Child death toll in Pakistan desert community rises to 62

March 10, 2014

At least 62 children have died in a district of southern Pakistan where thousands are suffering from malnutrition, officials said Monday, as the country's top judge called the situation a national shame.

The disaster has sparked public outcry and diverted media attention away from the regular glut of militant attacks, with both Prime Minister Nawaz Sharif and Benazir Bhutto's heir Bilawal Bhutto-Zardari visiting the afflicted region.

Local authorities last week ordered a probe into the deaths, which occurred in a stretch of the Thar desert, which begins around 300 kilometres (200 miles) from Karachi and runs up to the border with India.

Chief Justice Tassaduq Hussain Jillani summoned top officials to the Supreme Court in Islamabad on Monday and said the country should "should hang down our heads with shame" over the conditions that led up to the deaths and the failure of government to prevent them.

Mumtaz Ali Shah, the home secretary for Sindh province where the desert lies earlier told the court: "At least 62 children died, mostly because of unusual cold weather leading to outbreak of pneumonia and poor medical facilities during last three months in Thar."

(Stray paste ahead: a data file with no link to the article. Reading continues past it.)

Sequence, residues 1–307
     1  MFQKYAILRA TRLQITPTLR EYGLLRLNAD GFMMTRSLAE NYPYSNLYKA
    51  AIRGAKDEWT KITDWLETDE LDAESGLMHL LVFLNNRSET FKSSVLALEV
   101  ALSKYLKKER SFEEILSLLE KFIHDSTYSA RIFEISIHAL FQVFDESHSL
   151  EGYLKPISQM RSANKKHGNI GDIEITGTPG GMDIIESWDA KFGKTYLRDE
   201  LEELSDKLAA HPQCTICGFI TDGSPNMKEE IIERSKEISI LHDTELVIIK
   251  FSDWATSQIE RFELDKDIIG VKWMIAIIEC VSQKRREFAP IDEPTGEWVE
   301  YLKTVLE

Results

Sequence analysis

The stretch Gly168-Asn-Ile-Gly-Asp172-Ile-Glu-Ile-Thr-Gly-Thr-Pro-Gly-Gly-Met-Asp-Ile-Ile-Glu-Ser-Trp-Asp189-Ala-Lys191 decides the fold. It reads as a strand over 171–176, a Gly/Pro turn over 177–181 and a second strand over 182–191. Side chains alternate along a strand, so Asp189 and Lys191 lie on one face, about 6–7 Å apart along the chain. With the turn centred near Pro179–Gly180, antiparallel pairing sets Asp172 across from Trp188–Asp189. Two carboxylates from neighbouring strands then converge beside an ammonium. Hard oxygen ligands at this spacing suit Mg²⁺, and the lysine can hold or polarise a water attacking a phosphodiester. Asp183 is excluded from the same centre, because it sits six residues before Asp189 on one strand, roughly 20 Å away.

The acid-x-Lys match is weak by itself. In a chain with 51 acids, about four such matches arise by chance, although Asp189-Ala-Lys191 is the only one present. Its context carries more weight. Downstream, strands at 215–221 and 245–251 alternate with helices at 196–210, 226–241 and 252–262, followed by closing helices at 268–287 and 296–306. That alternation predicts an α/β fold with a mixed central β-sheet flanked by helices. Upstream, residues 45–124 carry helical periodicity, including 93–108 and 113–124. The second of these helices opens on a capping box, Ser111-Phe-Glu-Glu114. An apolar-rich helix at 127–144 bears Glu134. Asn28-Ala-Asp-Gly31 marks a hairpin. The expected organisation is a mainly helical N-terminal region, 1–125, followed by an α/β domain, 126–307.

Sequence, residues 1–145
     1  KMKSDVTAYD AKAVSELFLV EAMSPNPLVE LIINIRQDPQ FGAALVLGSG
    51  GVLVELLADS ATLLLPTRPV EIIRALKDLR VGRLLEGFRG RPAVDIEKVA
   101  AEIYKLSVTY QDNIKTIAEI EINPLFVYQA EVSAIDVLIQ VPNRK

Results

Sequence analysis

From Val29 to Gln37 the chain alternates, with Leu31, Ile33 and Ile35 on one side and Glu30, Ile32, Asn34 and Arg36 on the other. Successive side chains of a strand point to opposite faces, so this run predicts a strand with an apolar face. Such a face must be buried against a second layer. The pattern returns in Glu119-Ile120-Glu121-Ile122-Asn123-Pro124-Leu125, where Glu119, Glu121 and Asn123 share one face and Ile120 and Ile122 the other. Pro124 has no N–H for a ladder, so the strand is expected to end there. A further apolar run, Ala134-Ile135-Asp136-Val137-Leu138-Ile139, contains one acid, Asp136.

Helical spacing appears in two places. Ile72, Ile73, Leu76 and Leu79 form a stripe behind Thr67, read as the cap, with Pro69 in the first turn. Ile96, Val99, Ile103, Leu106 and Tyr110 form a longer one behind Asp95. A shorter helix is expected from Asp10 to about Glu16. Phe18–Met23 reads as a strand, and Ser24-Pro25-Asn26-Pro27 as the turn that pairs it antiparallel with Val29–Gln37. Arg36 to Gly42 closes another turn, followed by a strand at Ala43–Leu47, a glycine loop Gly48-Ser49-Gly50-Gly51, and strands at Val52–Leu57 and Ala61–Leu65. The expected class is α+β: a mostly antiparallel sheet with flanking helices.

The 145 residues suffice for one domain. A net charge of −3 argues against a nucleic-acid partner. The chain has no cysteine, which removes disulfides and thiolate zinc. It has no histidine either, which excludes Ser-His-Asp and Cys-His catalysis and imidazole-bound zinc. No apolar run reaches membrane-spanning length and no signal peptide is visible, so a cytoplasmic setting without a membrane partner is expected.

But the province's advocate general Fateh Malik said the situation was not as bad as had been portrayed by the media, claiming disasters were the norm in the impoverished area.

He said 120,000 bags of food have been distributed so far and a compensation of rupees 200,000 ($2,000 dollars) to the families of the dead.

The court directed the officials to file a detailed statement about the situation with a plan of action next Monday.

Prime Minister Nawaz Sharif also arrived Monday in Mithi, the capital of the Tharparkar district, to personally look into the situation, accompanied by Bhutto-Zardari, whose Pakistan People's Party rules the province.

"The provincial government should take steps to prevent any such incident in the future," Sharif said, adding the federal government was ready to assist.

Poor health and communication infrastructure keeps the district disconnected from mainstream population.

In 2000, the desert suffered a famine that killed 90 percent of the livestock, the economic mainstay of the area.

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